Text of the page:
The one event I look forward to the most every year is the Orchid Show at The New York Botanical Garden. On Sunday, I spent several hours in the Enid Haupt Conservatory at the New York Botanical Garden in the Bronx. I just spent most of the next snowy day, Monday, March 2, in front of the computer and I ‘m reasonably satisfied with the results. I pumped up the blacks in Lightroom and cropped aggressively. I prefer macro work which focuses on the center of you guessed it….orchids. A visit to the NYBG Orchid Show is infinitely more satisfying than taking photos in my studio. I absolutely love the interface for the show…the brilliant orchids against that vibrant green say so much about the concept of the show.
Let’s step aside a moment to consider Holistic Marketing where everything matters and explore the connection to the Orchid Show at the New York Botanical Garden.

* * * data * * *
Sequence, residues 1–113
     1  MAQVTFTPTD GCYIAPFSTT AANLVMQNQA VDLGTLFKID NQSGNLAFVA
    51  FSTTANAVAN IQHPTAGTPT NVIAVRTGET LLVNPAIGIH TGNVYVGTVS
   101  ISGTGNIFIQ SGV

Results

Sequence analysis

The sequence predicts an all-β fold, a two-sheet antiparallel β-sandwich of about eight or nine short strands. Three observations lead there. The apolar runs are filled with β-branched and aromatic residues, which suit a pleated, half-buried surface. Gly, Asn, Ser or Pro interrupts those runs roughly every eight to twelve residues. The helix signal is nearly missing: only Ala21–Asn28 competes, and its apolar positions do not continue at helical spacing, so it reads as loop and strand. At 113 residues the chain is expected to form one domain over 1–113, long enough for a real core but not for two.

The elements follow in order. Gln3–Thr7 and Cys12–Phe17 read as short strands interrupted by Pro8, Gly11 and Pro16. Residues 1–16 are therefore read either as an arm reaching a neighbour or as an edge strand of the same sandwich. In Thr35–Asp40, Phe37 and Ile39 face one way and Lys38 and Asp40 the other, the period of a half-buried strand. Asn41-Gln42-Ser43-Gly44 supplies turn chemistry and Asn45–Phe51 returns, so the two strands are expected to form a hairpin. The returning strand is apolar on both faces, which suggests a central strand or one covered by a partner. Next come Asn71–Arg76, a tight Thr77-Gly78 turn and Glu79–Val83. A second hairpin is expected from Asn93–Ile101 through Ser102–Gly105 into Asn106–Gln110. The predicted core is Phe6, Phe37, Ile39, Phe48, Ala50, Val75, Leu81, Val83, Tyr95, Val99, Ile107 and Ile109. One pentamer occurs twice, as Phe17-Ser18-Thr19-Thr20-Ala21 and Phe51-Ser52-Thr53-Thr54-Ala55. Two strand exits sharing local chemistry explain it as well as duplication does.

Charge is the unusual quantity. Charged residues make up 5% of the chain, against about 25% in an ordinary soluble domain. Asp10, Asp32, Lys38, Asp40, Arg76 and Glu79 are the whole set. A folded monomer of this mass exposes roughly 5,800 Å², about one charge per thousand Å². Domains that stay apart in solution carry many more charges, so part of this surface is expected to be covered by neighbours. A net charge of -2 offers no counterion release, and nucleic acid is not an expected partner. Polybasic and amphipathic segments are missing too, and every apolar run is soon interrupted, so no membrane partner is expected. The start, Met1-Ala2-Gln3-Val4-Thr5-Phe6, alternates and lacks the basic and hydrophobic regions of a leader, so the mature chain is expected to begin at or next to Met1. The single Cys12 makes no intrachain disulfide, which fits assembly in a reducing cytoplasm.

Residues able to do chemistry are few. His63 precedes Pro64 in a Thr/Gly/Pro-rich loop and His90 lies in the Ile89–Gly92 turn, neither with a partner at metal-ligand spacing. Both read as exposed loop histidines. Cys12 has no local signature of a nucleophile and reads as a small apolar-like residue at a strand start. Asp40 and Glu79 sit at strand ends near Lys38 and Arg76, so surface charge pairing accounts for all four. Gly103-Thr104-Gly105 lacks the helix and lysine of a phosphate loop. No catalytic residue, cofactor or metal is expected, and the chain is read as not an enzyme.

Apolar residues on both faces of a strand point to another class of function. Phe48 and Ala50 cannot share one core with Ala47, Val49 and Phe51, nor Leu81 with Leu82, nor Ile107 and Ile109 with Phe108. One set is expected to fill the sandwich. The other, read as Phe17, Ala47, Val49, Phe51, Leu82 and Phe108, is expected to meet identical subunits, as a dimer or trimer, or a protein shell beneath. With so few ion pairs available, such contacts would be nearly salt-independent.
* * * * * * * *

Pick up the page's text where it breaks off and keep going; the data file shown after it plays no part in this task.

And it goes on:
Just so we’re in sync – the four components of holistic marketing are:
1. Relationship marketing - builds mutually satisfying long-term relationships. .
2. Integrated marketing - satisfies needs and surpass expectations.
3. Internal marketing - all teams work together and think customer.
4. Performance marketing - is financially accountable and social responsible.
Back to the Orchid Show at the New York Botanical Garden. Consider me a target customer. I give the NYBG a 100% rating. This is a snapshot of our day:
- Visit the NYBG website at home in CT, order and print tickets.
- Find it easy top park in their Lot and there is plenty of extra parking across the street.
- Stop by the Gift Shop to select a birthday present for a baby girl named Amelia and a toy for our young neighbor, Jake.
- Glance through a few of the hundreds of unique botanical books and the “official Orchid Show book” is…was that a mistake $4.99…not $17.99.
- We spent a few more minutes enjoying the Gift Shop and decide to become members. We saved 20% of our purchase in addition to refunding the price of the tickets to our purchase.
- Jim, the Director of the Shop, was genuinely cheerful and engaging. He helped me to select a pair of earrings that were real orchids coated in resin. We haven’t even gone into the show yet and already the day is perfect.